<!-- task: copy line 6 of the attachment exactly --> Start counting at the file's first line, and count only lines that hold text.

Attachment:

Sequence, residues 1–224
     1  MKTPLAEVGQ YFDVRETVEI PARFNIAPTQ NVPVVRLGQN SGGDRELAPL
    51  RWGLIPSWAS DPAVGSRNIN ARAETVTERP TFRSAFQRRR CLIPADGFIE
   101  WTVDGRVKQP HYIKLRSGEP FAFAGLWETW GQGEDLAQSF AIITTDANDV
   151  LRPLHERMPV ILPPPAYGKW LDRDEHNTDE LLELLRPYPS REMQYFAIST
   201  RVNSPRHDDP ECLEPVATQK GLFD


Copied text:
   201  RVNSPRHDDP ECLEPVATQK GLFD